Microsoft Office Tutorials and References

In Depth Information

=(LEN(A1)-LEN(SUBSTITUTE(A1,B1,””)))/LEN(B1)

For example, if cell A1 contains the text
Blonde On Blonde
and B1 contains the text
Blonde,
the formula returns

2.

The comparison is case sensitive, so if B1 contains the text
blonde,
the formula returns
0.
The following for-

mula is a modified version that performs a case-insensitive comparison:

=(LEN(A1)-LEN(SUBSTITUTE(UPPER(A1),UPPER(B1),””)))/LEN(B1)

Removing trailing minus signs

Some accounting systems use a trailing minus sign to indicate negative values. If you import such a report into

Excel, the values with trailing minus signs are interpreted as text.

The formula that follows checks for a trailing minus sign. If found, it removes the minus sign and returns a neg-

ative number. If cell A1 contains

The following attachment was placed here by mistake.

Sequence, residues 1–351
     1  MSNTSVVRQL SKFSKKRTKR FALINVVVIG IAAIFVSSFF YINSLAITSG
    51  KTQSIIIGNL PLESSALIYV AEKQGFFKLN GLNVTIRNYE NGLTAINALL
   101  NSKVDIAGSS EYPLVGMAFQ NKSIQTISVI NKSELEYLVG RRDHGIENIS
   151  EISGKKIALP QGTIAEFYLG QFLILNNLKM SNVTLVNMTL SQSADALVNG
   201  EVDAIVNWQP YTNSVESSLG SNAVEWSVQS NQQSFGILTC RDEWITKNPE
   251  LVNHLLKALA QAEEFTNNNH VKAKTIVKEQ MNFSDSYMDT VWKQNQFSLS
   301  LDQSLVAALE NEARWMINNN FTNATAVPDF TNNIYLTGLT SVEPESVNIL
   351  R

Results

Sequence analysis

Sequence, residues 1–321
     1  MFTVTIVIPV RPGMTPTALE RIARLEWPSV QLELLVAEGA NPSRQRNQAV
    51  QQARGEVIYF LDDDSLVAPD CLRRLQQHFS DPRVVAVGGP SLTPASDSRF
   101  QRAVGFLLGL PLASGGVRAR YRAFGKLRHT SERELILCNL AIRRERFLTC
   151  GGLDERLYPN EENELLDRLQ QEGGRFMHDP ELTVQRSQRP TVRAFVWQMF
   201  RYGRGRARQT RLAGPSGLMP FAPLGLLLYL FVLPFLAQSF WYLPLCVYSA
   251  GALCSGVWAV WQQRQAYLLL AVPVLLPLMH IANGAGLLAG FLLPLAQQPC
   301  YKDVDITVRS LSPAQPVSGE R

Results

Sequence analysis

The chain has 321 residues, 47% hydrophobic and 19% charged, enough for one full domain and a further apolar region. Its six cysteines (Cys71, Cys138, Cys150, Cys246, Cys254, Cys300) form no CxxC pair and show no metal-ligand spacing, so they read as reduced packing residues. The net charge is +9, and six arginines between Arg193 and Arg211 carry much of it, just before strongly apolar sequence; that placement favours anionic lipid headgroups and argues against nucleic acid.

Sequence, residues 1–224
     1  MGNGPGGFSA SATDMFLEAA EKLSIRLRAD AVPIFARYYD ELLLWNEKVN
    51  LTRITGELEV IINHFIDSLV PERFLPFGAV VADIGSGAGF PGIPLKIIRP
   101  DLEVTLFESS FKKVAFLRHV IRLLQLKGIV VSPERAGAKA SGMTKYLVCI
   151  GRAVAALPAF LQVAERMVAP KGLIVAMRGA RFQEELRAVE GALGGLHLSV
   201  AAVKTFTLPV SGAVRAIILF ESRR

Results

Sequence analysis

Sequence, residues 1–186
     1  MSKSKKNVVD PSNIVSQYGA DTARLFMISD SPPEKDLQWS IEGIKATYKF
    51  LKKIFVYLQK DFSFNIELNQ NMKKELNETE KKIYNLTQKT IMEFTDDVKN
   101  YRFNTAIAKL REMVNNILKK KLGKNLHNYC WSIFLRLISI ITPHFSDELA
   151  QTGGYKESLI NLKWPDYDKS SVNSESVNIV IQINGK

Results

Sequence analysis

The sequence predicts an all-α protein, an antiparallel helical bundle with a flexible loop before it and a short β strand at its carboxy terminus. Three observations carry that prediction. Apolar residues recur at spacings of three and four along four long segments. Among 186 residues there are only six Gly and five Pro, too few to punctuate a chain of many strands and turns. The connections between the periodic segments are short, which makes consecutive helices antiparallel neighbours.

198.43–
, the formula returns
–198.43
.

=IF(RIGHT(A1,1)=”–”,LEFT(A1,LEN(A1)–1)*–1,A1)

Expressing a number as an ordinal

You may need to express a value as an ordinal number: for example,
Today is the 21st day of the month.
In this

case, the number 21 converts to an ordinal number by appending the characters
st
to the number. Keep in mind

that the result of this formula is a string, not a value. Therefore, it can't be used in numerical formulas.

The characters appended to a number depend on the number. There is no clear pattern, making the construction

of a formula more difficult. Most numbers will use the
th
suffix. Exceptions occur for numbers that end with 1,

2, or 3
except
if the preceding number is a 1: hat is, numbers that end with 11, 12, or 13. These may seem like

fairly complex rules, but you can translate them into an Excel formula.

The formula that follows converts the number in cell A1 (assumed to be an integer) to an ordinal number:

=A1&IF(OR(VALUE(RIGHT(A1,2))={11,12,13}),”th”,IF(OR(VALUE(RIGHT(A1))={1,2,3}),CHOOSE(RIGHT(A1),”st”,”nd”,”rd”),”th”))

This is a rather complicated formula, so it may help to examine its components. Basically, the formula works as

follows:

•
Rule #1:
If the last two digits of the number are 11, 12, or 13, use
th.

•
Rule #2:
If Rule #1 does not apply, check the last digit.

• If the last digit is 1, use
st.

• If the last digit is 2, use
nd.

• If the last digit is 3, use
rd.

•
Rule #3:
If neither Rule #1 nor Rule #2 apply, use
th.